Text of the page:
By Rodrigo Campos and Marc Jones
NEW YORK/LONDON (Reuters) – Higher global interest rates, difficulties in China, a stronger dollar plus another coup in Africa this week have slammed the brakes on what is still a solid run for emerging market assets this year.
Below are five charts showing what’s been moved and/or shaken:
1/SHOCK FOR THE STOCKS
MSCI’s 24-country emerging markets (EM) stocks index is down 6% this month. That is its sharpest drop since February and has also pushed it into the red for the quarter.
It is still up for the year, though well below the 13.5% gain this year for MSCI’s main global index, which has benefited from a boom in U.S. “mega-cap” stocks.
China has been EM’s main problem. Chinese stocks make up roughly a third of the MSCI’s index’s weighting and are down nearly 9% this month due to a spluttering economy and worries that another wave of property developer defaults is looming.
On the flip side, Turkey’s stocks are flying again due to President Tayyip Erdogan’s post-election return to more orthodox economic policies. It jacked up interest rates by a whopping 750 basis points this month.
Another big interest rate cut in Hungary, meanwhile, boosted its stocks and Egypt’s have powered higher too. Many countries’ share markets do well when inflation is surging as locals often pump their money into equities rather than watch it get eaten by inflation.
“The confluence of global risk-off factors drove large non-resident portfolio outflows in August with EM equity and debt clocking four straight weeks of outflows,” Katherine Marney, an emerging markets analyst at JPMorgan said this week.
On the surface, it has been the same story for emerging market currencies. The main catch-all EM FX index is also down the most since February, but some of the underwater currents have been diverging.
In Latin America, Brazil and Colombia’s currencies have seen their biggest monthly drop in almost a year, while Argentina has devalued its long-troubled peso by more than 20%.
South Africa’s rand is down, Turkey’s lira is up and China’s yuan and Malaysia’s ringgit are down for a fourth month in the last five.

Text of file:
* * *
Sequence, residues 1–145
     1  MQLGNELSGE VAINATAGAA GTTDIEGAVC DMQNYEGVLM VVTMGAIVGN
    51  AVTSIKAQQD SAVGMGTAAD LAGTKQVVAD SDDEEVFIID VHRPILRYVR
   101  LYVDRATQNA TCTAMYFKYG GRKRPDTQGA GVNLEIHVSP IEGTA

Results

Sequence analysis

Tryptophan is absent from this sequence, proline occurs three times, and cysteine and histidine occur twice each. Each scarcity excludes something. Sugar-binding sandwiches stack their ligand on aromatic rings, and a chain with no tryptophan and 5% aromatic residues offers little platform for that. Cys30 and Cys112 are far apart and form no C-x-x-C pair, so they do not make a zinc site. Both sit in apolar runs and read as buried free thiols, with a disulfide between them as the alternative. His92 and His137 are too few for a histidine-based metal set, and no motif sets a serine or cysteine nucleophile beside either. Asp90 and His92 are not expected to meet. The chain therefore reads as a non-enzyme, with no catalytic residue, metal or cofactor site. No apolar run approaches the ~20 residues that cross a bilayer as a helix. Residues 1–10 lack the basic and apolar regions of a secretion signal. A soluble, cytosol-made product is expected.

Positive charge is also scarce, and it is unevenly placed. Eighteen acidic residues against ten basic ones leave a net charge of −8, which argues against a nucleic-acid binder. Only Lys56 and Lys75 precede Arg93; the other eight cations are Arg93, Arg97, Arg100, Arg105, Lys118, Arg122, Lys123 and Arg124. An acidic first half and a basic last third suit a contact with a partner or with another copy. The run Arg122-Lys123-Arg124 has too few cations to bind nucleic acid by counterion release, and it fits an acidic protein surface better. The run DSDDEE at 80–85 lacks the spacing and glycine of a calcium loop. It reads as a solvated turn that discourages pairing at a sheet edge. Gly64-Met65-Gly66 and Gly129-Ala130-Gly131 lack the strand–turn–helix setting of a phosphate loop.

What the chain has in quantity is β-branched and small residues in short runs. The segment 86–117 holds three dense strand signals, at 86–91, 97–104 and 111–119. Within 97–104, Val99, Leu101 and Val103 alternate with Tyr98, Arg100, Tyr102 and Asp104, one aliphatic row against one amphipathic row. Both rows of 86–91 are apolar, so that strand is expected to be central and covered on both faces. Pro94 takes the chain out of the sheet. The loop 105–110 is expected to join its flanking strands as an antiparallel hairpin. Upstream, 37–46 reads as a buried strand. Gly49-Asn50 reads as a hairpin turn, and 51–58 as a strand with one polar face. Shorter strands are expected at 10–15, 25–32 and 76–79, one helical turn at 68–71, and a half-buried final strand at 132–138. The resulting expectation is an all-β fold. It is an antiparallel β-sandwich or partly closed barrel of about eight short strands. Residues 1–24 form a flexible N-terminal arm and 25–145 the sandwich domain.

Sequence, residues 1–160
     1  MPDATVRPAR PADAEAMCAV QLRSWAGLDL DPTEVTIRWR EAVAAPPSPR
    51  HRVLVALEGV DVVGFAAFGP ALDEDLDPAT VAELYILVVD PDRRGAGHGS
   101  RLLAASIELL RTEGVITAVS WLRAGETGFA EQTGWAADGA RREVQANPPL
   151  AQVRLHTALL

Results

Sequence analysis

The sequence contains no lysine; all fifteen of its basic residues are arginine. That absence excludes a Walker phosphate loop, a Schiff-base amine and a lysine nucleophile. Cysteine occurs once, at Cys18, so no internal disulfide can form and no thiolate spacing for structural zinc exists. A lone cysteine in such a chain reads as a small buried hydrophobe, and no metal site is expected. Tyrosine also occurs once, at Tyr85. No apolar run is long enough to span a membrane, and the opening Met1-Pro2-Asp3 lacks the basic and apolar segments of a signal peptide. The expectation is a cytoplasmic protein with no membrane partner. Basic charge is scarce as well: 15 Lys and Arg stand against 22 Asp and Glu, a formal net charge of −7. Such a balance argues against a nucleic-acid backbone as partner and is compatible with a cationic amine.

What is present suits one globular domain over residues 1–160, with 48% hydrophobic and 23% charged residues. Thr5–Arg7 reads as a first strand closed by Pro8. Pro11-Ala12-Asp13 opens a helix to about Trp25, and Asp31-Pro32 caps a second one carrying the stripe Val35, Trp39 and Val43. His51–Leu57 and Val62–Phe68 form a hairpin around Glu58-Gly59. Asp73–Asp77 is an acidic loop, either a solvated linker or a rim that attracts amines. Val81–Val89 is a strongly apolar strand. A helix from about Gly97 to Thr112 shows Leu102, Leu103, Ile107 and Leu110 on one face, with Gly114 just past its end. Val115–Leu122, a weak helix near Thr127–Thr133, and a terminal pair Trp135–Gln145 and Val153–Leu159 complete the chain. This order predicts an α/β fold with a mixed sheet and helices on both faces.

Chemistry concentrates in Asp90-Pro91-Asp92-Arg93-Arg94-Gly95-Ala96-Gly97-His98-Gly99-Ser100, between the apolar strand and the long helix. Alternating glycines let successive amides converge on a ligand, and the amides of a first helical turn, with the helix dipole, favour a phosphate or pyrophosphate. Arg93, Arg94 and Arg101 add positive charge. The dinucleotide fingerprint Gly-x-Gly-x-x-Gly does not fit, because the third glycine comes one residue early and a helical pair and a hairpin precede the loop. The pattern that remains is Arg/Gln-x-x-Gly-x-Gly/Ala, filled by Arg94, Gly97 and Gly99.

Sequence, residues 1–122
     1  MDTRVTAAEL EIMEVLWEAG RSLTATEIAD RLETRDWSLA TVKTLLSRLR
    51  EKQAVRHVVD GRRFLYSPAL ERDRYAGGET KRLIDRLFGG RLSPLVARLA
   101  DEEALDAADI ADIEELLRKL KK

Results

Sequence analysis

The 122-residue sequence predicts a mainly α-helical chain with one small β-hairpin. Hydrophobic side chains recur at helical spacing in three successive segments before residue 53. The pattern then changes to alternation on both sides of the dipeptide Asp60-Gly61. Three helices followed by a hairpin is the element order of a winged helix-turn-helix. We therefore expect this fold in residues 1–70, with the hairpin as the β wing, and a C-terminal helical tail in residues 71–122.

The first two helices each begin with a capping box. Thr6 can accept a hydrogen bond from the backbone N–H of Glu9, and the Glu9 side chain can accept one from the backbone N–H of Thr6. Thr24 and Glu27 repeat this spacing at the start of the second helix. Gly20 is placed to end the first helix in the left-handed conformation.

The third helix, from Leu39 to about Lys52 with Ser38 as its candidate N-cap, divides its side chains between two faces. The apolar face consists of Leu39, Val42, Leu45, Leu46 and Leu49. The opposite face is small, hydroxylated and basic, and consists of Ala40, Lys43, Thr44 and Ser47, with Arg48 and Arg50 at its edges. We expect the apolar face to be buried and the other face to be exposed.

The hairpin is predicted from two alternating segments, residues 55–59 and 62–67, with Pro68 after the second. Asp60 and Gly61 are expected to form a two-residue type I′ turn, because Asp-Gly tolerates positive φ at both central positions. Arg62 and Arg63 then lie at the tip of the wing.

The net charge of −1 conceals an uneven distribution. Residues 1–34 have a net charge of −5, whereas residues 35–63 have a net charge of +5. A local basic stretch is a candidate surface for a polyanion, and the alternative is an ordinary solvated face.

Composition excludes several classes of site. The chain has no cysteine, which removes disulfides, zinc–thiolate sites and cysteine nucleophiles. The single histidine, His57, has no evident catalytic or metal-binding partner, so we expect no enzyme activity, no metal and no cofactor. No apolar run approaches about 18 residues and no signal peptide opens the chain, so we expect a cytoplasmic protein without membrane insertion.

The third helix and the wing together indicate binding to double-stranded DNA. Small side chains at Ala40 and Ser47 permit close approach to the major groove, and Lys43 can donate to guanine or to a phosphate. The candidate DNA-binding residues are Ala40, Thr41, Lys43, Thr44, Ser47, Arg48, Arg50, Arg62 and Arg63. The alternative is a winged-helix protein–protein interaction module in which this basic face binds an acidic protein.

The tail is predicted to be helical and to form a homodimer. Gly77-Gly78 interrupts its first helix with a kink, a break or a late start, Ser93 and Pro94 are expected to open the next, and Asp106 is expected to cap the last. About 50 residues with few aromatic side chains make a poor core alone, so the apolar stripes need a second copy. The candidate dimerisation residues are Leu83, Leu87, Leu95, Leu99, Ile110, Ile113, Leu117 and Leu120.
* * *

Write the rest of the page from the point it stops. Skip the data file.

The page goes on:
“The markets that have underperformed are the lower-yielding markets like Asia,” Mike Arno, a portfolio manager at Brandywine Global, said. “They have significant negative carry so those markets have lagged.”
JPMorgan’s Marney added that the key to flows for the rest of the year also depended on where the dollar goes from here.
“If the dollar continues to strengthen – as forecast by our FX strategy team – then August could prove a bellwether signalling continued (EM ex-China) portfolio outflows.”
China’s property market woes have come back with a bang amid fears that another of its biggest developers, Country Garden, is on the brink of default.
Bonds have tumbled and the main index of Chinese property stocks is down more than 13% this month, almost doubling its loss for the year.
Those of Evergrande, the original poster child of the crisis, dropped nearly 80% when they resumed trading after almost 18 months, while Country Garden’s have slumped almost 45%.
“The market doesn’t seem to think that China is a major threat,” said Aegon Asset Management’s head of EM debt, Jeff Grills. “I’m a little bit worried it is going to be wrong.”
Turkey’s markets have been encouraged by this month’s super-sized rate hike that confirms, for now at least, that the country has returned to the kind of orthodox economics spectacularly absent over the last two years.
Though that has meant its dollar-denominated bonds have lost around 4% this month – higher rates make existing debt with lower rates less attractive – Turkish stocks are up 9% and the lira’s 1% gain is its first monthly rise since late 2021.
“It looks like orthodox Erdogan is back,” said Van Eck’s head of active EM debt Eric Fine, adding that the firm was upbeat on Turkey’s lira bonds for the first time in quite a while.
5/OUT OF AFRICA
The other big trouble spot has been Africa, where debt markets have seen a sharp pullback.
This week’s coup in Gabon sent its bonds skidding and came hot on the heels of one in Niger last month. Combined with other global pressures the “spread”, or interest rate premium, investors demand to hold the bonds in JPMorgan’s Africa “Nexgem” index has ballooned out 108 basis points (bps).
That compares with an 8 bps improvement in the equivalent Latin American index and the more manageable 20 bps widening on the EMBI Global Diversified index, according to Viktor Szabo, an EM debt portfolio manager at abrdn in London.
“The coup in Gabon was the last kick, but the one in Niger had already caused some concerns,” Szabo said.
(Reporting by Marc Jones in London and Rodrigo Campos in New York; Editing by Alex Richardson)